By the gods, it's getting late. Just a few more tonight and I'll share more in another day or so.
Great Cousin Tennis was the first person I ever saw play the bagpipes. It was on a sultry summers night when we heard him "blow up" in his backyard down the street. I ran down the street and up his drive to the back yard and there he was, tuning his drones and keying "E" on the chanter, to get the beast all set, and then, he was off. No plaintive airs nor military marches for him, he was a student of the pibroch, the "classical music" of the pipes. Complex, almost impossible grace note fingerings and phrases that, while seeming repetitive, were just different from the preceding by a note or two, slowing building to a slightly quicker and more complex measure, then the coda, then build to another even more complex measure. I would sit and listen to him play for hours, standing in the yard, completly oblivious to all around him, save that wonderful sweet music. I had to wait almost twenty years to take up the pipes myself and I curse myself for not asking him to teach me to play then. Not that my parents would have let me, but, who knows. I had to settle for learning the tin whistle.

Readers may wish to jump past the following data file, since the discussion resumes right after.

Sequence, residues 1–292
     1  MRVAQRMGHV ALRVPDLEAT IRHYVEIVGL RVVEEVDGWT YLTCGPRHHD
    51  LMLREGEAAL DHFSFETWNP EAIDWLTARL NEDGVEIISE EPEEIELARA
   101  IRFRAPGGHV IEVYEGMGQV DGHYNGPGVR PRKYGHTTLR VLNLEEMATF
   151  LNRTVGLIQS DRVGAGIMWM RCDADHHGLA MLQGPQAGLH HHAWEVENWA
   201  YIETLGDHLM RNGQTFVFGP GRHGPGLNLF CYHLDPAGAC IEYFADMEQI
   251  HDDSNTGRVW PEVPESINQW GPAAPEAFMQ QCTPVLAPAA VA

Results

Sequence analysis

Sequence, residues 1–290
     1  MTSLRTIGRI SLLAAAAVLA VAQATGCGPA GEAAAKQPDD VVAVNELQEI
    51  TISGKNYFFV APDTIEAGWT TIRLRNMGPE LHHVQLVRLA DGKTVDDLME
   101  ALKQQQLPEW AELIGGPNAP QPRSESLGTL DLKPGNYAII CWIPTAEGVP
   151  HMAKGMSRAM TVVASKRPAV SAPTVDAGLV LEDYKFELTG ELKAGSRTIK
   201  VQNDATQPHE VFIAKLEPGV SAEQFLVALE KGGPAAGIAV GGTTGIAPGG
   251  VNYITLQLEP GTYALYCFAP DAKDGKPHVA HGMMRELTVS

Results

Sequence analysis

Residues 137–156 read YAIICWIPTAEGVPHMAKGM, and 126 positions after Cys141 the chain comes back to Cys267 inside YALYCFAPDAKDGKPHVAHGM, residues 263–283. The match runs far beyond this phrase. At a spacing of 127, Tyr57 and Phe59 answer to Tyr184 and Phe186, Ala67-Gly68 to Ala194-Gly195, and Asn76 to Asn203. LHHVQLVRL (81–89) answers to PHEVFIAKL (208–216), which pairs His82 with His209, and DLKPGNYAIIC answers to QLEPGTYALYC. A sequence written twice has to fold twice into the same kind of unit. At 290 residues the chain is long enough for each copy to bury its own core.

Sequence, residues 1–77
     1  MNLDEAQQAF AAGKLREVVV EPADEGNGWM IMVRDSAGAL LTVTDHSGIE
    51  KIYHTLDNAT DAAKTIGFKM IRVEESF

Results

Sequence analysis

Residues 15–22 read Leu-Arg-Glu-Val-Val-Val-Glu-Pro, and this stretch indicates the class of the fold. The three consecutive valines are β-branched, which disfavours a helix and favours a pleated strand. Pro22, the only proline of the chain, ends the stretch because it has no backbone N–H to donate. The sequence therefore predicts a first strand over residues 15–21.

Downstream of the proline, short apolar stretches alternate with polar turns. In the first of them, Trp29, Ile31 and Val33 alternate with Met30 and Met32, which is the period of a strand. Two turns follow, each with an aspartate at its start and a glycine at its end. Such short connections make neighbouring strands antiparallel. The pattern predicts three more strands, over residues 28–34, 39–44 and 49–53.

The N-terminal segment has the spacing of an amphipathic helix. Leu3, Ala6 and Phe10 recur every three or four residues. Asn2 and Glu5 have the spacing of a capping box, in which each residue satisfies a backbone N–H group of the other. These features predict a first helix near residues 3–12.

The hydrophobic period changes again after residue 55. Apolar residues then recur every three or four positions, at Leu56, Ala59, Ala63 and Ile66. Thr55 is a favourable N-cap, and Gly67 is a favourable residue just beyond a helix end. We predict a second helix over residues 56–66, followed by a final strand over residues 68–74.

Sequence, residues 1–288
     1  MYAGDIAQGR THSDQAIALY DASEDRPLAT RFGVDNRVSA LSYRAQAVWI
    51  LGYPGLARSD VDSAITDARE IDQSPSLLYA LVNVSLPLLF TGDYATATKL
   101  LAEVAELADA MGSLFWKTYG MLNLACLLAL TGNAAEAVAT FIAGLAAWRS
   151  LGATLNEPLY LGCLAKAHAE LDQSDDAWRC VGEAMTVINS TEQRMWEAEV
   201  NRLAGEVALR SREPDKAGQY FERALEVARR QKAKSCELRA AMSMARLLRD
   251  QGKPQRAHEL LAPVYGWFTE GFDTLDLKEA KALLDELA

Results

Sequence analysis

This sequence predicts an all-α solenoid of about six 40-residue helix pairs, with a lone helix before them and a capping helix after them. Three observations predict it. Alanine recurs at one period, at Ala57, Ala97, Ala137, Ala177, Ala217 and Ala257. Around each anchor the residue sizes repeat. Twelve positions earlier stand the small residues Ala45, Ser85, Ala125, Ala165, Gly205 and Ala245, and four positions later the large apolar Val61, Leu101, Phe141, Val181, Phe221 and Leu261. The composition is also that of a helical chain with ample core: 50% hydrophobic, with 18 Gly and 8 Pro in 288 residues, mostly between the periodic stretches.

I'm sorry, but I have to let off here. My fingers are starting to get numb and my mind is too full of memories to sort them out fully and give the equal time they all deserve. They say that youth is wasted on the young, but reason and knowledge is wasted on the old. I wish I had that reason and knowledge to more appreciate who Nana and Pop were in their time and immerse myself more deeply into my heritage than I did. What I came away with is just a shadow of what was real to them, but they and their ways are a part of me, this I cannot deny.
Happy Tartan Day to one and all, and I thank you for sharing your time with me.
Slainte Mhath!

what say you..?